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by The Fraser Institute on Monday Jul 18 2016
LVR Grad Sean Denison still shining on European courts
It’s been a long time since Sean Denison skateboarded down the hallways of Trafalgar Junior and L.V. Rogers High Schools.
The year was 1999 when Denison, 25, led a young, wet-behind-the-ears group of hoopsters to the B.C. Juvenile Basketball Championship in Richmond.
Coach Lorne Wuori & Company made it look easy, throttling W.J. Mouat of Abbotsford by a wide 20-plus point margin.
That’s right a team from the Kootenay schooling those Lower Mainlanders for the provincial title.
In 2000 Denison, Phelan, Red, Pepp, Blair and Marty, under the guidance of skipper Blair D’Andrea did the unthinkable, going 38-0 . . . that’s right undefeated to win the B.C. Junior Boy’s High School Basketball Championship.
Once again the victory in the final was by a wide margin.
After high school, where LVR Bombers enjoyed its best finish at the AAA boy’s basketball tournament — a fourth-place showing — the son of Joy Butula and John Denison earned a full-ride scholarship to Santa Clara when he spent four solid seasons playing NCAA Division One Men’s Basketball with the Broncos.
And there was also a few stops playing internationally with Canadian National Junior Men’s Teams.
Now, after a few seasons playing professional basketball in Turkey, Denison, wife Trisha and son Wyatt are now in Germany chowing down a few bratwurst playing in the Bundesliga with the Eisbaeren Bremerhaven basketball team.
Eisbaeren Bremerhaven is located in Bremer, a city of more than 540,000 people located 330 kilometers north of Frankfurt and 94 km south of Hamburg.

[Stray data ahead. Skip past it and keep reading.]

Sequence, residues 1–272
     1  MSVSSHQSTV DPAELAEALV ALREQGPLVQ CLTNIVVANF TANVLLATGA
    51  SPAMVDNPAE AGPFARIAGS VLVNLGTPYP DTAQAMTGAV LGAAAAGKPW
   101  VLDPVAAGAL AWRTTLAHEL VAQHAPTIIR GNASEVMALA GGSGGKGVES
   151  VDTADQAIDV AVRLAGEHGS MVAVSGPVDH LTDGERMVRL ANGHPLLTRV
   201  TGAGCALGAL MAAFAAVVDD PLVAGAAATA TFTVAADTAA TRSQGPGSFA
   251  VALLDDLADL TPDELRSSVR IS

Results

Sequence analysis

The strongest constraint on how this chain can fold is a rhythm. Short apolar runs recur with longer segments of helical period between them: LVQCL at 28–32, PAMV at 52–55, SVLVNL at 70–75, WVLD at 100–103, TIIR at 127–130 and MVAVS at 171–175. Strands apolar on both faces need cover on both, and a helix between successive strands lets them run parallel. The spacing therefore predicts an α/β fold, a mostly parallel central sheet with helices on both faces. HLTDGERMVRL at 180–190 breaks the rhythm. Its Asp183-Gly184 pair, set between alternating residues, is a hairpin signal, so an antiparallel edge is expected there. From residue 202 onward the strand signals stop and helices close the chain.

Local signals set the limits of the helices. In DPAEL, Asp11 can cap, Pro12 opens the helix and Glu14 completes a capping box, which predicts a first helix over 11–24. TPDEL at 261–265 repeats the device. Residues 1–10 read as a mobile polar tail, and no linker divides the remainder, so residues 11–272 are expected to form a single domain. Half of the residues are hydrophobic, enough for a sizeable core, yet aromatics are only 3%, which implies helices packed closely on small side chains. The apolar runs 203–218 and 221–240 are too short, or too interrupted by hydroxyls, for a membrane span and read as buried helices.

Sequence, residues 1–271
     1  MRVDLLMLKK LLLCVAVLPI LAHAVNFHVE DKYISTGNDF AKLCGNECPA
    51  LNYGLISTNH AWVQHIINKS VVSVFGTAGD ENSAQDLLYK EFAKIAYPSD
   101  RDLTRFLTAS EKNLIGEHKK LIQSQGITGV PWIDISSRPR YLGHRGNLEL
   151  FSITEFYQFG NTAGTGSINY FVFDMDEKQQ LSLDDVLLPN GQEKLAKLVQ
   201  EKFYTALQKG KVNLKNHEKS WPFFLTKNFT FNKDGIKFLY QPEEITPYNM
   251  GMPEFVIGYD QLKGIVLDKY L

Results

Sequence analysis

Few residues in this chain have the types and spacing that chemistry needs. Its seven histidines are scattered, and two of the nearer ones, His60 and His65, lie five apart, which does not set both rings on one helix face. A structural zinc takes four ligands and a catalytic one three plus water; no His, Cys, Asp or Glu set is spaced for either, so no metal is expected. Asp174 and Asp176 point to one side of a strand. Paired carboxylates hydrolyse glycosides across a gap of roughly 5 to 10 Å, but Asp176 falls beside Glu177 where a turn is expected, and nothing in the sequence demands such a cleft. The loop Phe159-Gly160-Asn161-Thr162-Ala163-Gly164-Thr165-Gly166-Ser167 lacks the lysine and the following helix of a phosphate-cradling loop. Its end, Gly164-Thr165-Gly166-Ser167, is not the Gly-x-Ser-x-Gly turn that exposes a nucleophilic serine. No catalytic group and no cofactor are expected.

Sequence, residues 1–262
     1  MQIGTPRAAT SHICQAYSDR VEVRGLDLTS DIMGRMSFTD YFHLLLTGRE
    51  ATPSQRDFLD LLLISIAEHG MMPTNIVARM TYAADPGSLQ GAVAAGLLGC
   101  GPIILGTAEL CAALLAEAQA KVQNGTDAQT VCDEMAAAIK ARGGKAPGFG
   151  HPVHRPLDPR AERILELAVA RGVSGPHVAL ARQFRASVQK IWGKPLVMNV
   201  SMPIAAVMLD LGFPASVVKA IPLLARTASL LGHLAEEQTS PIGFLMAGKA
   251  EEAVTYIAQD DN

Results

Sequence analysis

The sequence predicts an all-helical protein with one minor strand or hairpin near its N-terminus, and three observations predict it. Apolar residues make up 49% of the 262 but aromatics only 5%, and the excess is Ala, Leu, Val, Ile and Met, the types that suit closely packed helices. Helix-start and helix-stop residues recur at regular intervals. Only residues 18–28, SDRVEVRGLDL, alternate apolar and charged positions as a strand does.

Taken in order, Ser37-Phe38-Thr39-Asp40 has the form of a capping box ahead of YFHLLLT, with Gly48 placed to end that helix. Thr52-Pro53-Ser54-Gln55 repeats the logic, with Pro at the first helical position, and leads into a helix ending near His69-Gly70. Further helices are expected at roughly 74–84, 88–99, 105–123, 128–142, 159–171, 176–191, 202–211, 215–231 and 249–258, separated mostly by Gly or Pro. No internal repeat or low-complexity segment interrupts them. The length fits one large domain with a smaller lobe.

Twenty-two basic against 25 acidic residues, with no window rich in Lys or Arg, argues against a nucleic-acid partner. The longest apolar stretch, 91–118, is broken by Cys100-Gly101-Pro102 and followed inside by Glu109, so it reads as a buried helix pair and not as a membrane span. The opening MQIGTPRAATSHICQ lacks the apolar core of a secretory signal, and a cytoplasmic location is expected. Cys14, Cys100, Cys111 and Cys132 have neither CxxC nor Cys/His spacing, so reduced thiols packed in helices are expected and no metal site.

The 6’11”, 245-pound power forward is averaging eight points and four rebounds in 30 games for the 17-14 squad, now seventh in Bundesliga standings after four straight wins — one of those wins coming against Bayreuth where Denison checked in with a season-high 21 points and five rebounds.
Recently The Nelson Daily Sports Editor Bruce Fuhr had a chance to check in with the LVR Bomber grad to see what life is like playing in Germany.
The Nelson Daily: What's it like playing in Germany (talk about individual play, points, playing time, any injuries . . . is German League a higher level than Turkey) in comparison to you two previous seasons in Turkey?
Sean Denison: The German League is much different than the Turkish league.
I was having a tough time early in the season because they let you play a lot more physical in the Turkish league, especially in the post. Lots of the tricks I learned to keep players off balance or out of the key I can’t do as aggressively as I could in Turkey and as a result I was getting into foul trouble early in games which was affecting my playing time.
I think overall, the German league has better teams across the board (as a result of having 6+ Americans on each team) but Turkey has better top teams (much bigger budgets).
TND: How's the season going in Bremerhaven?
S.D.: The season has been very up and down but we have been steadying and playing more consistently now that we have finally stopped trading players.
This year our team has been plagued with injuries, especially on the point guard position.
I think including preseason players we had on tryout, we have gone through seven point guards. It's hard to play and gel as a team when the key player for keeping the team organized during the game is always changing and it showed throughout the season.